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Silica dust reforms in the ACT

The ACT Government has announced that it will introduce workplace health and safety reforms for silica dust.

What are the first set of reforms?

The first set of reforms, introduced in April 2022, are to be a prohibition on uncontrolled dry cutting, and mandatory silica dust awareness training for workers. Other provisions to follow include additional requirements for air monitoring and for health monitoring of workers.

The ban on uncontrolled dry cutting will include the use of a power tool, for cutting, grinding, trimming, sanding, polishing or drilling of silica containing materials. According to the government, this will apply to:

  • engineered stone
  • natural stone containing silica
  • concrete
  • masonry
  • cement
  • mortar and bricks

However, PCBUs may implement a combination of control measures to manage the risks of exposure to silica dust. This might include use of water delivery systems, on-tool dust extraction, segregation of work areas and respiratory protective equipment.

Mandatory silica dust awareness training (which will be similar to that for asbestos awareness training) will be required  from 1 July 2023. The government has not announced which occupations will require the training but that it will be broadly aligned with the existing mandatory training requirements for asbestos.  It is not clear at this stage  whether it will be all workers or limited as is the case with the working safely with asbestos course.

What are the second set of reforms?

The second set of reforms, (to be introduced in July 2022 and become effective from 1 January 2023), will expand on existing air monitoring and health monitoring requirements of the WHS laws. According the ACT government:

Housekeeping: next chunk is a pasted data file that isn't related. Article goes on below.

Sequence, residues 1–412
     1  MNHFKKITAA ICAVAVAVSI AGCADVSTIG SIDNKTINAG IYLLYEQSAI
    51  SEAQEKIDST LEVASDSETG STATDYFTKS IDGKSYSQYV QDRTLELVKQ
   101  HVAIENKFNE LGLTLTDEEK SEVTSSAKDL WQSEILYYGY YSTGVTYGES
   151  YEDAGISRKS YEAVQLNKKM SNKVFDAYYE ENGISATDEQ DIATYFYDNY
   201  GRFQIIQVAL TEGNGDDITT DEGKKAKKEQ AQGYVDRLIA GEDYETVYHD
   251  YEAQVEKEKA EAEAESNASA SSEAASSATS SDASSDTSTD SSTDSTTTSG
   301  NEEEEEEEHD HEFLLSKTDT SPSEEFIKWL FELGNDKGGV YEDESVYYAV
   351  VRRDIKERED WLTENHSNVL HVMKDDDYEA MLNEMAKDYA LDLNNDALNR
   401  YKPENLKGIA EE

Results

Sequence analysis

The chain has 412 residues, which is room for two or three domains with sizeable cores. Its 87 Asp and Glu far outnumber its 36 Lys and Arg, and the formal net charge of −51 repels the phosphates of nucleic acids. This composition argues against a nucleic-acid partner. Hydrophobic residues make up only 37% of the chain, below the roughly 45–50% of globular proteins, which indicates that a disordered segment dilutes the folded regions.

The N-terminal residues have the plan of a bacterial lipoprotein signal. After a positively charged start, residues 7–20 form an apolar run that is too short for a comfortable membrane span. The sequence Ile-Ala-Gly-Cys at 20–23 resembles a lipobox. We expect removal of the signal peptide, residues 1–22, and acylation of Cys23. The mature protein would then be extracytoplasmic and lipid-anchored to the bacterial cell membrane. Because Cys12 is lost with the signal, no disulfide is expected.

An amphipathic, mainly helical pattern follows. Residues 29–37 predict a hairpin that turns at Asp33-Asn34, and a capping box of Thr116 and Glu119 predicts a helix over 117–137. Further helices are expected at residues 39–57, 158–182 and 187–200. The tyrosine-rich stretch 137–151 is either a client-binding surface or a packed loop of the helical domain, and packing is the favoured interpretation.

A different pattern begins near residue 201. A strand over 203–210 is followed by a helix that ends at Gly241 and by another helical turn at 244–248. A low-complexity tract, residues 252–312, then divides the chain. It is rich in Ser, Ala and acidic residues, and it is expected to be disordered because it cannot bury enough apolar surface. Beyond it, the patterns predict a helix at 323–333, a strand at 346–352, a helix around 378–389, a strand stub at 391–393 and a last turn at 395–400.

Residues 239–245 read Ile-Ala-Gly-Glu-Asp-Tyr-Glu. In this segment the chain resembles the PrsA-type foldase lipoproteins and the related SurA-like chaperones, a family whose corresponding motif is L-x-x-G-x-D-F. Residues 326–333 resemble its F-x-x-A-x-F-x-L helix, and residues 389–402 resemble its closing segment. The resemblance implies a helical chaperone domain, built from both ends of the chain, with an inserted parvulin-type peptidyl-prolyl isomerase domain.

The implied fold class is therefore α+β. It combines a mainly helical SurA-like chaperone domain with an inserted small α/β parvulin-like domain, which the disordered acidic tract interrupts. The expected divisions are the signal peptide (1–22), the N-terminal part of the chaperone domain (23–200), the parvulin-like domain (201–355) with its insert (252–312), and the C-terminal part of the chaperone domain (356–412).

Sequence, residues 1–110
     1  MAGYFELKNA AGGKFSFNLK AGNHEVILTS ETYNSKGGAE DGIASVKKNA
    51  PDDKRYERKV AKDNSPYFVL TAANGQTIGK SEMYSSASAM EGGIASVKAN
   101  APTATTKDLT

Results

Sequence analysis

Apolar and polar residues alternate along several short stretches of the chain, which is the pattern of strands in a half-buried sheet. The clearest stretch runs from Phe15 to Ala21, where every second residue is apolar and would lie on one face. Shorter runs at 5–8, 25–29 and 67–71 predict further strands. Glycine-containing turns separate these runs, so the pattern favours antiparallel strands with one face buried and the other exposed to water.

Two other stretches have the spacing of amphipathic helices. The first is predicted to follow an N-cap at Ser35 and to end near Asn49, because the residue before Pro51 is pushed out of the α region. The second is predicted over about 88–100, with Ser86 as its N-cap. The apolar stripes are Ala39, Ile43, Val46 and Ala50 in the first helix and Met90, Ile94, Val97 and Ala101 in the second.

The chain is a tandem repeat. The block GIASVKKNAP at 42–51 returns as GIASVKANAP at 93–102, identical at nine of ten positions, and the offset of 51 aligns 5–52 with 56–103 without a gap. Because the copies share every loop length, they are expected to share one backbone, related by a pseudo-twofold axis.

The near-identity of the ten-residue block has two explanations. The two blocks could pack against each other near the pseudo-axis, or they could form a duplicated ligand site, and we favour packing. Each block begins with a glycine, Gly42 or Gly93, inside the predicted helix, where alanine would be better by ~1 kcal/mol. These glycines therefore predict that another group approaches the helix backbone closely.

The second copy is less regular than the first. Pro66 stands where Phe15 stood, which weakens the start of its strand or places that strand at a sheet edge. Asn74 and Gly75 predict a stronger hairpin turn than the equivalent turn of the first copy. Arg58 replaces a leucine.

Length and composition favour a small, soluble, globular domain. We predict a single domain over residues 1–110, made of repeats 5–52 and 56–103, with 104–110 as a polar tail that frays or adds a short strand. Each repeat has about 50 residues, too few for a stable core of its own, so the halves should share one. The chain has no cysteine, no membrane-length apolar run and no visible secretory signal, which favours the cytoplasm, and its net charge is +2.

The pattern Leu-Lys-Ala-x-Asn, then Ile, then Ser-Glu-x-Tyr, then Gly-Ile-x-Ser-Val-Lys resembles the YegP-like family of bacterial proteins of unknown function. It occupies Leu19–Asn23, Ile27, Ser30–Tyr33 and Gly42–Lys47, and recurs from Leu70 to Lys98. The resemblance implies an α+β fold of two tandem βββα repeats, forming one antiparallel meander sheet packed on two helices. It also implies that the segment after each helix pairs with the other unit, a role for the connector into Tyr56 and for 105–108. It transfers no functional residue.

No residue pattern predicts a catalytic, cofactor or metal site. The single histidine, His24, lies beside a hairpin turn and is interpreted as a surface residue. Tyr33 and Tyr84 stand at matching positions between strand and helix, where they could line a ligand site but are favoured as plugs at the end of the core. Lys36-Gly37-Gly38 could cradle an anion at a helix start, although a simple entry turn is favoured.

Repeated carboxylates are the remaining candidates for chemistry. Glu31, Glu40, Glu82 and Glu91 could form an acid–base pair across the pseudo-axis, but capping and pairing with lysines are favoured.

• PCBU’s that carry out high risk silica dust work will be required to undertake air monitoring at regular intervals to ensure that the workplace exposure standard of 0.05 mg/m3 is not exceeded. Air monitoring could be required at least every 6 months and when there are changes in the workplace, work practice or work materials. 
  • Health monitoring requirements would involve:
    • baseline health monitoring for each worker before working in silica risk work 
    • regular/ongoing health monitoring during the worker’s employment – at least annually 
    • a health assessment on exiting employment. 

Along with these reforms, the ACT will also consider be adopting the model codes of practice developed by SafeWork Australia pertaining to silica safety. Further details of these reforms can be found in the ACT Governments website.

For more information see the following HIA information sheets

To find out more, contact HIA’s Building Services team.

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